Now, despite what the men had said, the fact that she might be about to lose her life was starting to sink in.
Of course they’d lie and say they weren’t going to hurt her. They wouldn’t want her to get upset and fight them. Keeping her calm was to their benefit.
What, kidnappers couldn’t be liars?
That would be a massive logic flaw.
Donna had no clue where they were taking her, only that based on what they’d said, it was likely outside of the city. Maybe if she could get away from them, she could run and get help.
Getting kidnapped is a legitimate reason for being late to work, right?
Wouldn’t someone miss her? She was supposed to be back…well, now. And she was the head teller on duty for the afternoon shift.
Hopefully someone would miss her. Lisa and Ginny wouldn’t be expecting her home until nearly ten that night. And they’d already be in bed, most likely, so they might not miss her until the next morning when she wasn’t getting ready with the rest of them.
Shouldn’t I be worried more about the fact that I’m being kidnapped than about the fact that my job might be on the line?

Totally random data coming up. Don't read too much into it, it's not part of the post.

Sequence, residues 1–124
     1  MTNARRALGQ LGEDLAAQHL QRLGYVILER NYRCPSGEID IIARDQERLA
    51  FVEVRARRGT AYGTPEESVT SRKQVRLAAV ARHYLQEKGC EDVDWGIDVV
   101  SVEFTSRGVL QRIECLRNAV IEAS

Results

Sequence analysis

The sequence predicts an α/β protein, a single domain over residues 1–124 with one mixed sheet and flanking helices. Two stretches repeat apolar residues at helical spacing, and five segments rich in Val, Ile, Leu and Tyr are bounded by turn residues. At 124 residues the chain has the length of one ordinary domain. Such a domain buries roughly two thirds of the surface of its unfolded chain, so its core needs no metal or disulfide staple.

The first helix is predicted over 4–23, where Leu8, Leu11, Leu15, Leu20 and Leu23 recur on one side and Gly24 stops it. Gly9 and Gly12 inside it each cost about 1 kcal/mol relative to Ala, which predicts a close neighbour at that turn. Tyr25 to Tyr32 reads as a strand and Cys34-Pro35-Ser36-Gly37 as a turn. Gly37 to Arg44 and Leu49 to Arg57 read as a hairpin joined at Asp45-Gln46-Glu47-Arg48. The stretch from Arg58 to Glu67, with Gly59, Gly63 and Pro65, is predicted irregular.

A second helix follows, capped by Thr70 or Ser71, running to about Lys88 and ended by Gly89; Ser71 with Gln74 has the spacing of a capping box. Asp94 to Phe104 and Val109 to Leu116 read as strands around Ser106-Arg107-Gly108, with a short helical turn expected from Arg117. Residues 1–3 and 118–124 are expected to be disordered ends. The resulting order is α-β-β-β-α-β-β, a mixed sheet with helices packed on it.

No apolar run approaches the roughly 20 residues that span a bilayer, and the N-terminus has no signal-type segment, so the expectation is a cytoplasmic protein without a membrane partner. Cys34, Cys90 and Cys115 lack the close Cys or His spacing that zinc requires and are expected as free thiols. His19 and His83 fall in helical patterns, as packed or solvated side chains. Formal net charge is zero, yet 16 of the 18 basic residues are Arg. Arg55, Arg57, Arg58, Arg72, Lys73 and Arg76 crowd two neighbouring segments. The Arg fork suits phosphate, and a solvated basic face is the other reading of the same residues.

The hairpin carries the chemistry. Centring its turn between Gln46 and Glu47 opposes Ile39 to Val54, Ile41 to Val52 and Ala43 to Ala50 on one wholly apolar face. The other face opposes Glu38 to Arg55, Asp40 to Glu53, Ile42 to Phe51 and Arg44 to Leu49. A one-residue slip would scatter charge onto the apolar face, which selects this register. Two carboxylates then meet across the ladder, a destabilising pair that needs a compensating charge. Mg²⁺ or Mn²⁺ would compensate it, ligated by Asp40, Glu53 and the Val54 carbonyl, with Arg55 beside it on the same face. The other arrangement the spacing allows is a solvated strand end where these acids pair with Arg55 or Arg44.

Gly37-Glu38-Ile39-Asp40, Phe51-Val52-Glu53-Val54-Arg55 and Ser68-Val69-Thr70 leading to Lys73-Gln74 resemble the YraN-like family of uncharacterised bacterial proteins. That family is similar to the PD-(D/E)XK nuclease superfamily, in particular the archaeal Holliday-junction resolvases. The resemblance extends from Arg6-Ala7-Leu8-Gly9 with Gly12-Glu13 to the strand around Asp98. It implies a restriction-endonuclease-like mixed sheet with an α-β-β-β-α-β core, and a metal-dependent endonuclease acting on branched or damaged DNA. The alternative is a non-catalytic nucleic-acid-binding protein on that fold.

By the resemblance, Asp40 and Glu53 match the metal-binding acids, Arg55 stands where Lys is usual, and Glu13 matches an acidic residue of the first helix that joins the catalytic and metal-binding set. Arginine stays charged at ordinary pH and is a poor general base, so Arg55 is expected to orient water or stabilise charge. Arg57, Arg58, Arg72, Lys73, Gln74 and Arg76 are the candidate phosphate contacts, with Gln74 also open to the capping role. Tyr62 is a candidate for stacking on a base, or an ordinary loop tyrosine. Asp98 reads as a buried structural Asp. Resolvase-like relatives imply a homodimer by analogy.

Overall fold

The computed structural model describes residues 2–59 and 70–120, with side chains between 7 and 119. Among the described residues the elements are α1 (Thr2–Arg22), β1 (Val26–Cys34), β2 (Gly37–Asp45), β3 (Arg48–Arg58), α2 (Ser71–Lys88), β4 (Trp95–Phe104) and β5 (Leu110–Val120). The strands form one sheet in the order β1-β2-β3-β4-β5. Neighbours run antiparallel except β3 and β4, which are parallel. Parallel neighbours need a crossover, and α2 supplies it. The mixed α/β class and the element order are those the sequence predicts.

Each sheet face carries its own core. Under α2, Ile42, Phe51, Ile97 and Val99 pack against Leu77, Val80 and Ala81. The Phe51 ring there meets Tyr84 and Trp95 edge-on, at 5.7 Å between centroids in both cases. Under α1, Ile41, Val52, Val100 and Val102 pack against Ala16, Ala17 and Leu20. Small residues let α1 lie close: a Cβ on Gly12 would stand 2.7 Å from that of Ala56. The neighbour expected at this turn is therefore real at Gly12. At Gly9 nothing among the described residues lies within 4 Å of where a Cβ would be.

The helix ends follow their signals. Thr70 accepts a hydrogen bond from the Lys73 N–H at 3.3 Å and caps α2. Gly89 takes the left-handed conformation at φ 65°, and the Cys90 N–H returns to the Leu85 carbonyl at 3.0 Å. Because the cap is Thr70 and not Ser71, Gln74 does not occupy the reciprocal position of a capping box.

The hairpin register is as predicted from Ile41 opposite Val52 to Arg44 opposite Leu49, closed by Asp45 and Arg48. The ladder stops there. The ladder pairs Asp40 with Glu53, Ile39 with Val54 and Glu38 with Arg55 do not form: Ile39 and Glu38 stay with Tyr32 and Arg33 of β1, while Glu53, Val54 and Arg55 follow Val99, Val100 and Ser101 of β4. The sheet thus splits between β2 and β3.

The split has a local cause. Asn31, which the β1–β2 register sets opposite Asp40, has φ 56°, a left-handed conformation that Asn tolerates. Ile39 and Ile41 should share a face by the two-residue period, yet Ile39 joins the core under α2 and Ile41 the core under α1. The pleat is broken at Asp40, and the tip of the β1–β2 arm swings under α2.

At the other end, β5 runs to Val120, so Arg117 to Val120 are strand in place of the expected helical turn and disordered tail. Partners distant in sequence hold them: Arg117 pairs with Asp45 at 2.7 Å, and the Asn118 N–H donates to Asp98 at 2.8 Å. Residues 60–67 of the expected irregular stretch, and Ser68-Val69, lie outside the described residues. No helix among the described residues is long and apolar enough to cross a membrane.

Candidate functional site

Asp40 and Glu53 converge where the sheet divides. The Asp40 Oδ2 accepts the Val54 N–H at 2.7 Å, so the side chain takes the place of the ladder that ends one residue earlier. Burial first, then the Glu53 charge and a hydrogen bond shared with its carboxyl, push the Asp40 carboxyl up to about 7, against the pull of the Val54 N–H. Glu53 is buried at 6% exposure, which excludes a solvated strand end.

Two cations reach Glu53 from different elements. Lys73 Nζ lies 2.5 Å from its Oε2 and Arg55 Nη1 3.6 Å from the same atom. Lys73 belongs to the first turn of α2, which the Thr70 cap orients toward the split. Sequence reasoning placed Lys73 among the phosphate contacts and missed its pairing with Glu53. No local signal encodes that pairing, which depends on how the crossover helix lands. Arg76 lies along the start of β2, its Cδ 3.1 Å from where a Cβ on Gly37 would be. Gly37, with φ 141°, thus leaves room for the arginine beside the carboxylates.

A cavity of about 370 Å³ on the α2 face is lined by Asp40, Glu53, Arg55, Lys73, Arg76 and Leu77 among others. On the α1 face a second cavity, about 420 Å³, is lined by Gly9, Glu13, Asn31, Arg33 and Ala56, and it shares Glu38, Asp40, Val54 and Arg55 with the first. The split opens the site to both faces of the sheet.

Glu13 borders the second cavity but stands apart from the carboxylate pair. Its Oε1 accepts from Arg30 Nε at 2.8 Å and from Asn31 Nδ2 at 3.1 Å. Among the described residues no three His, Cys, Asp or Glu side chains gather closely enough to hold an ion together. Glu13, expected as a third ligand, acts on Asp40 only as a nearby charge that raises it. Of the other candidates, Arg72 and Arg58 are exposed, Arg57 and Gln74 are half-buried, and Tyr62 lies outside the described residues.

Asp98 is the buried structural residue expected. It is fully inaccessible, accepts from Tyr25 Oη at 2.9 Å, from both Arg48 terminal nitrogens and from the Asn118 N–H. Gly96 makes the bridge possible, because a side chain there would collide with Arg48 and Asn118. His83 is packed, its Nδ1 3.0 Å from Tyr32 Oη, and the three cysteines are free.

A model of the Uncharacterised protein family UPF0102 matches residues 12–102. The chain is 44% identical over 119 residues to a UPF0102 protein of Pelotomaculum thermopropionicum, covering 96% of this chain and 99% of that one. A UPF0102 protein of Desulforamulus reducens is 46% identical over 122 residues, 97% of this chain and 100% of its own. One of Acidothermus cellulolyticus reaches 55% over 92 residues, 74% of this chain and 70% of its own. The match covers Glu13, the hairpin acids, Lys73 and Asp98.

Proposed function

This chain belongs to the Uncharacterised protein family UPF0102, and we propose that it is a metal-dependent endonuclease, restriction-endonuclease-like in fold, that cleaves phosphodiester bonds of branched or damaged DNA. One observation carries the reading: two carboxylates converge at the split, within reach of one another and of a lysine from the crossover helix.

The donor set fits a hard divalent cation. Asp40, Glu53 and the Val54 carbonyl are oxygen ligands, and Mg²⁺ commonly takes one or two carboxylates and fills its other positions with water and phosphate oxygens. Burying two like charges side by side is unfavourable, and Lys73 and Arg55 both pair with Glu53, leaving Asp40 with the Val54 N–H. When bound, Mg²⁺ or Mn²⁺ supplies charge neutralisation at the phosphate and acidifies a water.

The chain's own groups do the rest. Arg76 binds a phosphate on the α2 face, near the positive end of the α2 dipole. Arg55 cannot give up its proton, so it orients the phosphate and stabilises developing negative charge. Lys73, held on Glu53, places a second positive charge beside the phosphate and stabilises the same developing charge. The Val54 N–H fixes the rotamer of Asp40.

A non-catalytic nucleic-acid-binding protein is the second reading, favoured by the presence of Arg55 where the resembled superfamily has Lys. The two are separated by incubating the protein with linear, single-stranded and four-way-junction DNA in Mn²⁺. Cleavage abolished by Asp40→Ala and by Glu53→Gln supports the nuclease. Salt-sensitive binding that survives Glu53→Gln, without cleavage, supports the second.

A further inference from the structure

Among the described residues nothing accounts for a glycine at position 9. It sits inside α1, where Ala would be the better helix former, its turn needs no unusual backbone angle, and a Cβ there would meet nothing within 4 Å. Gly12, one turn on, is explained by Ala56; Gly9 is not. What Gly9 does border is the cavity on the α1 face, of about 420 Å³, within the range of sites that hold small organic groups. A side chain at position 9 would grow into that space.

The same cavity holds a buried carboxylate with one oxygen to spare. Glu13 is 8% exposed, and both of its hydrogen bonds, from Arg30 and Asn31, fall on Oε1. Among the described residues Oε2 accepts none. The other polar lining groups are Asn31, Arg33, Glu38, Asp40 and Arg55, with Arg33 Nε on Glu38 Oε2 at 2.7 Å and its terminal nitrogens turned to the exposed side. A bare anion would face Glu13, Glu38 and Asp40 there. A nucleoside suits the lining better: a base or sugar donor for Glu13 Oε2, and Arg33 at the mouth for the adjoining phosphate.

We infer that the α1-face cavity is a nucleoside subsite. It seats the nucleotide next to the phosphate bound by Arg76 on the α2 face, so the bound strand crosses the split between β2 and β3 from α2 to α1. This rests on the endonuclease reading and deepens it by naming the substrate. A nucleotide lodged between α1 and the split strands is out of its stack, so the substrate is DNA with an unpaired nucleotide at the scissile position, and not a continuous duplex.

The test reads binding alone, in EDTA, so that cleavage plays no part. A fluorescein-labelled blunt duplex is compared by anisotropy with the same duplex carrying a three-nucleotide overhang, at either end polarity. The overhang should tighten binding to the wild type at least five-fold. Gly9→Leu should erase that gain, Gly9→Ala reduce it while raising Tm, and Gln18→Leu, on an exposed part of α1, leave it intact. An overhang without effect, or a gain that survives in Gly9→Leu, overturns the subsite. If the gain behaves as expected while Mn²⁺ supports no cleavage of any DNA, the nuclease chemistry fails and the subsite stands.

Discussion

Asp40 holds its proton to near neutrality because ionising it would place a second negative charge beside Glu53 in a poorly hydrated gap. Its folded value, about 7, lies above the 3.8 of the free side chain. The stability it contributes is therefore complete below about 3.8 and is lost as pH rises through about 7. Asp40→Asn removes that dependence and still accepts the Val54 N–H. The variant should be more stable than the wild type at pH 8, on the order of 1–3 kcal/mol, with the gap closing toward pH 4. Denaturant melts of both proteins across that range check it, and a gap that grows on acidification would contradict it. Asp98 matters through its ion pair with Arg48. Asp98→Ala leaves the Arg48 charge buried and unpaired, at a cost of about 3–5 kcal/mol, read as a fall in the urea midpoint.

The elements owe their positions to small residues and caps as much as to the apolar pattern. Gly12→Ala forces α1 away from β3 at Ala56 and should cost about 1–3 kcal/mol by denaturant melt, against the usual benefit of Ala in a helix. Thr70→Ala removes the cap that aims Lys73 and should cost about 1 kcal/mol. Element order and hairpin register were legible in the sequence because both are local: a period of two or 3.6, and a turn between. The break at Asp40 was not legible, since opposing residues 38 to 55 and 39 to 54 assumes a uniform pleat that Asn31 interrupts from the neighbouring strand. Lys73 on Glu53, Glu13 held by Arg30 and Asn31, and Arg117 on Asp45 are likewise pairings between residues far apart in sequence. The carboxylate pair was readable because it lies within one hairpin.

Maybe that’s why they were kidnapping her, because of her job at the bank.
“Look,” she said, hoping this wasn’t a mistake. “I’m just a head teller. I don’t have access to the vault or anything. If you took me because you think I can help you rob the bank, I can’t.”
The guy to her left sounded irritated. “I have no idea what you’re talking about.”
“What? Isn’t that why you’ve kidnapped me? Because I work at the bank?”
“Lady, I don’t care where you work. That’s not why we’ve got you. And just sit tight until we get to where we’re going. We’ll explain it all then.”
“We’re not going to hurt you,” Phone Guy said on her right. “And it’ll be a mutually advantageous arrangement, I’m sure.”
“What? I…” Horror struck her. “Please don’